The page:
BySean Gallen, writer at Creators.co
The pen is mightier than the sword but is ultimately useless in the event of a zombie apocalypse. Filmmaker, filmlover, MP staff writer.
Sean Gallen

Who run the world? Humans do — and we're not doing a very good job! Biologists have calculated that roughly 0.01% of animal species become extinct every year. There are approximately 2 million different species of animals at the moment so it doesn't seem like that much but, to put it in perspective, it counts for nearly 1000 species being wiped out a year.

#BlackMirror is a sci-fi series that explores different technological advances in every episode. Season 3 debuted on Netflix this week and the finale, "Hated in the Nation," depicted a world in which bees become endangered and were replaced by robotic counterparts. These mini androids fulfilled their role and pollenated but one thing became clear: Whoever controls them can use them for good or for evil. The finale of Season 3 asked a lot of important questions but there's one that may have been overlooked: Do humans dream of electric sheep?

Check out the amazing trailer for Season 3 below:

The world presented in Black Mirror's heated finale "Hated in the Nation" is so scary because it's not so distant from our present situation. Bees are in decline but engineers all over the world are working hard to replace them with androids. We're going to explore the themes of this Black Mirror episode further and discuss the pros and cons of playing God.

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Are Bees Next Up On The Endangered List?

"Hated in the Nation" takes place in a near-future where bees have been completely wiped out. This reality is not so far from our own as many of the 30,000 different species of bee have been put on the endangered species list due to heavy use of pesticides and destruction of natural habitats.

Sure, we may be able to live without honey (actually, scratch that) but bees are an integral link in countless ecosystems because they transport pollen in spring that stimulates growth of flora. These puny insects are the glue that holds the environment we live in together. Wiping out bees would cause irreversible damage but it looks like we've reached a point of no return.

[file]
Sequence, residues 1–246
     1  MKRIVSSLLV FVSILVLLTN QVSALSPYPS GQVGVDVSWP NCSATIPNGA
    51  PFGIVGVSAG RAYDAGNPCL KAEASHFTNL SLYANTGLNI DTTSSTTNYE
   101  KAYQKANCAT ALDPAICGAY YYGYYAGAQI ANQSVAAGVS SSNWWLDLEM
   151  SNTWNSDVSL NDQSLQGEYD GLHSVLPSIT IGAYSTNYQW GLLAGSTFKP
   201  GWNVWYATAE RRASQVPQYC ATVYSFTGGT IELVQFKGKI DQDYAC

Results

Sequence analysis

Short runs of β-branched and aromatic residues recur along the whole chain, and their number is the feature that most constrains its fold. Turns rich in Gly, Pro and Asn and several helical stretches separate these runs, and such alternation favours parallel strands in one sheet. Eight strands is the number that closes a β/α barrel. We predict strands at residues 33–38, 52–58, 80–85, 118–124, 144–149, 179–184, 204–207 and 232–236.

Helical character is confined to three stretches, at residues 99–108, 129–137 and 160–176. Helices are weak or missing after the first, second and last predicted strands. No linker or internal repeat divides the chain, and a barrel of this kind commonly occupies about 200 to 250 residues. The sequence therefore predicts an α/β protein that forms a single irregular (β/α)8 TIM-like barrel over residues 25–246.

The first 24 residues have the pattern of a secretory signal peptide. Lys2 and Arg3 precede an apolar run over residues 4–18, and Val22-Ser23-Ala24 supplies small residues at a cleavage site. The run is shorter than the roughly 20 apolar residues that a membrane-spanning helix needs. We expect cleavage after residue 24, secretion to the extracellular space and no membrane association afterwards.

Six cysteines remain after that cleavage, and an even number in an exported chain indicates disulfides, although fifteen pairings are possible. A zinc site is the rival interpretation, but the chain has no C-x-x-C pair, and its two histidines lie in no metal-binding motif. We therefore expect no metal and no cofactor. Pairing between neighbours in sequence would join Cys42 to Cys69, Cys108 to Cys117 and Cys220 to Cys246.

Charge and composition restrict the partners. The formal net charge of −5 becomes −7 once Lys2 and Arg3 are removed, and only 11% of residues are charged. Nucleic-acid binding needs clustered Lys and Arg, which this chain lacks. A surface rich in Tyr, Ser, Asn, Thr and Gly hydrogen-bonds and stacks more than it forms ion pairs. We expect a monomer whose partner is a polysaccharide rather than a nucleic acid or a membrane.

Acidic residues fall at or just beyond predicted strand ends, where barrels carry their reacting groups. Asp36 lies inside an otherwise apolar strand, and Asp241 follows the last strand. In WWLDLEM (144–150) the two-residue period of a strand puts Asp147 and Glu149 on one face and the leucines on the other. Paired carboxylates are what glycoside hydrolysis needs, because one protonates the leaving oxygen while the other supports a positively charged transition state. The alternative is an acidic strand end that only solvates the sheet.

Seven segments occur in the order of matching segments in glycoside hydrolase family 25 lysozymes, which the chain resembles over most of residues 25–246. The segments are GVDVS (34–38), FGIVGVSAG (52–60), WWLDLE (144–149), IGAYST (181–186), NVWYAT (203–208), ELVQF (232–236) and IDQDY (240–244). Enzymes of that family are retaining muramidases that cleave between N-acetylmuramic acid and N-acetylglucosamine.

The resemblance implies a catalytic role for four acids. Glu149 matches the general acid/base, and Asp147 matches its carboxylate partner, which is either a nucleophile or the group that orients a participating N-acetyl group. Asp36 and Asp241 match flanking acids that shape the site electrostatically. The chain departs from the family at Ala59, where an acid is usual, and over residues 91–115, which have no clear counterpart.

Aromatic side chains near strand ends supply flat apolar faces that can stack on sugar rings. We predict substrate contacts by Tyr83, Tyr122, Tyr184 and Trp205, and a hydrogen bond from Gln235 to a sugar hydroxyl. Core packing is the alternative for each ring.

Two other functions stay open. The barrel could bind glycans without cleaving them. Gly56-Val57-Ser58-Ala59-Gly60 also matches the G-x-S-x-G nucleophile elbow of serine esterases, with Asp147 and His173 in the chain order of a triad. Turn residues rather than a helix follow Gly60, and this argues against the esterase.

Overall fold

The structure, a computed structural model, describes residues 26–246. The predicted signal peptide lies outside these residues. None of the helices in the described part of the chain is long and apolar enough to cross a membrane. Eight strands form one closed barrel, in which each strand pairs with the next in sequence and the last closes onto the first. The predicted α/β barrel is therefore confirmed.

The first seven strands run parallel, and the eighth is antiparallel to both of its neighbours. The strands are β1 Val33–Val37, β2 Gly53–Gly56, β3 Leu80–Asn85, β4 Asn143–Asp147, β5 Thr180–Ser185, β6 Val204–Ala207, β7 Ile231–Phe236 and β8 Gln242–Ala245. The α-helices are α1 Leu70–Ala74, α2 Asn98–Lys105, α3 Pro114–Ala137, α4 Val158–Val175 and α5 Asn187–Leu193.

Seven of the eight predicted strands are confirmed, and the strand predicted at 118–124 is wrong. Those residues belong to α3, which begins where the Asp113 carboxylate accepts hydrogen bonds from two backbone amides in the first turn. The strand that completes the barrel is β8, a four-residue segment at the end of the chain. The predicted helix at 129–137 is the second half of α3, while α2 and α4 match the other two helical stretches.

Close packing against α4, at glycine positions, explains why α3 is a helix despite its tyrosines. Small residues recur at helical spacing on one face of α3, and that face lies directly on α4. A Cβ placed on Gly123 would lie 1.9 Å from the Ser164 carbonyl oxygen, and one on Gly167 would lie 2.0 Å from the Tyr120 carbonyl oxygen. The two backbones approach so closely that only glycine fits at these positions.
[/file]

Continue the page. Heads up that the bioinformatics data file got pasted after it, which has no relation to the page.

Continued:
Send In The Robots

Robobee pollenating in 'Black Mirror' / Netflix
Robobee pollenating in 'Black Mirror' / Netflix

Much like Black Mirror, a lot of tech companies are trying to look into the future to find a solution. Robotics has become an enormous industry that is growing out of its primal stage to a place where we can see robots affecting our daily life. The Robobee is a masterpiece in micro-sensors and nano-technology and is in development at Harvard robotics but will be ready for the eventual extinction of our honey-producing friends. Harvard Robotics are thinking big and imagine the Robobee will be put to use in pollination but also space exploration, medical science and much more.

Check out the real-life Robobee in action:

The dutiful engineers are busy trying to find a way of replacing the bee to keep our ecosystem afloat. However, if we focussed more on preventative measures to keep these insects from dying out in the first place, maybe we wouldn't need to invest so much time and energy into replacing them. The finale of Black Mirror demonstrated the dangers of playing God, eventually you have to give the Robobees freewill and then all hell could break loose.

Fear Of A Robot Planet

It doesn't end with bees. Last year Boston robotics revealed Spot, their range of robotic dogs and the internet went insane. The dynamic and sophisticated A.I can master any terrain, no matter how rocky and is perfect for transport, logistics and warfare.

Watch Spot the robot in action:

The idea of Spot transporting food, water and supplies to those stranded in war torn countries or the Robobees pollenating to keep our environment alive is beautiful but also alarming. If Black Mirror has taught us anything, it's that no matter how stunning new technology is, people will use it for evil if we're not careful. Robo-dog is a man's best friend — until it becomes sentient.

Would you like to have a robo-pet?